In this guitar lesson I'll show you a really useful practice strategy to get the most
benefit from the legato exercise that we looked at in the previous legato technique lesson.
But before we do that, let's check out the exercise from the previous lesson again to
refresh your memory…
OK. Now let's take a look at the practice strategy…
Strategy: Exaggerate The Difficulty
This practice strategy involves doing the following three steps…
- Finding out the hardest bit of the legato exercise.
- Creating a variation of the exercise to exaggerate that hardest bit. In other words, we want to create
a new exercise that is even harder than the previous one. This means that when you go back to the easier
version it will seem like a piece of cake!
- Practice the new variation of the exercise like a maniac.
So let's take a look at an example to see how this works…
For this example we are going to assume that the hardest bit of the exercise is anytime you have to do a
pull-off with your 4th finger to another finger. (And to be honest, that's the hardest bit of the
exercise for me!). If you check out the TAB below you can see that I've drawn boxes around the parts where this
- The first time this difficulty occurs is when you have to pull-off with your 4th finger to your 3rd
- The second time the difficulty happens is when you have to pull-off with your 4th finger to your 2nd
Legato Exercise 1:
We've now highlighted the hardest bits of the exercise. So how do we exaggerate the difficulty?
Well, one very convenient way is to simply repeat the difficulty. And that's exactly what
we'll do now…
Variation Of Legato Exercise
1: Difficulty Exaggerated
Notice in the TAB above that you now have to do the hard bit twice before moving on to the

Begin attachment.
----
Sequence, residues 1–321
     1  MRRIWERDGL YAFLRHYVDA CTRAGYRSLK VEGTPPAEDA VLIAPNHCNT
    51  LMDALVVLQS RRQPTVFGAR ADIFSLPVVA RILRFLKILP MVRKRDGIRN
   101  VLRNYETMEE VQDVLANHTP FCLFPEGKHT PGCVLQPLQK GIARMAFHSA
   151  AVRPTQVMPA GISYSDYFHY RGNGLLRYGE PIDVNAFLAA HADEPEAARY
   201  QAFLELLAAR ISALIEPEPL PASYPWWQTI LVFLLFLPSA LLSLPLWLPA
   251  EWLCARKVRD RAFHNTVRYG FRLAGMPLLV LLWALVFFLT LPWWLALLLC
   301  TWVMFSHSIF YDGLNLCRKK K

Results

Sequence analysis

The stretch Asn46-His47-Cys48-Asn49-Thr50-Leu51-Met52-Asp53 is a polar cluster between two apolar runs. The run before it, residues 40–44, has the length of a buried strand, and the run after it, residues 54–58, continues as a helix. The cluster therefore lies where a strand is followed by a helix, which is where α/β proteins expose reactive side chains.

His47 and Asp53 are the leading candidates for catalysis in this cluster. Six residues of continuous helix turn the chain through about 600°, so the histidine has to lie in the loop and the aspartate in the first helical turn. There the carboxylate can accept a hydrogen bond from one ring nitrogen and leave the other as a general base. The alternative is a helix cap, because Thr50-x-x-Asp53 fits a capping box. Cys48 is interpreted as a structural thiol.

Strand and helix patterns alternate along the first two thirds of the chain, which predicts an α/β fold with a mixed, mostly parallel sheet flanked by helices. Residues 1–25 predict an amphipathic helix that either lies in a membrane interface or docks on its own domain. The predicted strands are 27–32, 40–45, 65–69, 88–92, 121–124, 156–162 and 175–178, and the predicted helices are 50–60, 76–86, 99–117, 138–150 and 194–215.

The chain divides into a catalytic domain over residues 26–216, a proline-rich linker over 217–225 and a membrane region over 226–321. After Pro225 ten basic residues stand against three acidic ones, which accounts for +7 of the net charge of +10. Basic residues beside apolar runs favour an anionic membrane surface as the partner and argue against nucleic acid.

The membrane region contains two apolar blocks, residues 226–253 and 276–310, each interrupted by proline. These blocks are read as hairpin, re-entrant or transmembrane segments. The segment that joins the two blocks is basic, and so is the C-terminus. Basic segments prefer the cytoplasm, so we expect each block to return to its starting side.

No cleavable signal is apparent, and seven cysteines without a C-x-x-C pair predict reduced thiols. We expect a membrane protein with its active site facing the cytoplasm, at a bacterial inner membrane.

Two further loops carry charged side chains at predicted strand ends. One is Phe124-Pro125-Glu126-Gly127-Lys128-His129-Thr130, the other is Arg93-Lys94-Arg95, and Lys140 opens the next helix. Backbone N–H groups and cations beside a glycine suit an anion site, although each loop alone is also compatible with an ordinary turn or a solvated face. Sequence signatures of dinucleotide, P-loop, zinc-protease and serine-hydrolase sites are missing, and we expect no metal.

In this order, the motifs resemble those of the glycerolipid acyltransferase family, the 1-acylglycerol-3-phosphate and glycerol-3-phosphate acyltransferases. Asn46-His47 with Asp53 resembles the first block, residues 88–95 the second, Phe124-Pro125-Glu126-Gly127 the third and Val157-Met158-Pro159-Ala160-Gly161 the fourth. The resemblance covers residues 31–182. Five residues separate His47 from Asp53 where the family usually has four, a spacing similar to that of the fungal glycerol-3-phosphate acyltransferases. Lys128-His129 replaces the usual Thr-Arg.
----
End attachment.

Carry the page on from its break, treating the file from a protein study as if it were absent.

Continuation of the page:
next bit of the exercise. And if you now play through the new version of the exercise a few times you'll probably
notice that it makes the exercise significantly harder to play quickly. Well…at least it does for me!
Once you've invested some time practicing the new exercise, then what would be the next logical step?
If you just said "combine the two exercises" then you're on the same wavelength as me! That's
what I often do. I combine the easier and harder versions of the exercise into one "mega-legato-exercise". Please
check out the exercise below to see an example of how I might do this…
Mega-Legato-Exercise: Easy And Hard Versions of Exercise 1 Joined Together
You may notice by looking above that I've now joined the two exercises together. Also notice that I have
suggested some timing to you (check out the music above the TAB). If you don't read music, then here's the timing
you need to use…
- Play the easy version of the exercise using eighth-note triplets. (This
means that you need to play the exercise using three evenly spaced notes per click of
- Play the harder version of the exercise using sixteenth notes.
(This means that you have to play this exercise using four evenly spaced notes per click
of your metronome).
One of the huge advantages of joining the two versions of the exercise together in this way is that it will help
your legato timing tremendously. It is very challenging for many guitarists to seamlessly
change from eighth-note triplets to sixteenth notes. This means that mastering the rhythmic challenge of this
exercise will help not only your legato technique but also your overall guitar playing.
Be sure to do the following before moving onto the next legato technique lesson…
- Memorize and practice the harder variation of Legato Exercise 1. Once you can play this comfortably then
move onto this…
- Memorize and practice the Mega-Legato-Exercise. I recommend setting a speed
goal that you work towards. Keep on practicing the exercise every day until you reach the speed
goal. What speed goal should you choose? It all depends on your current level. Obviously the more advanced you
are, the more challenging the speed goal needs to be.
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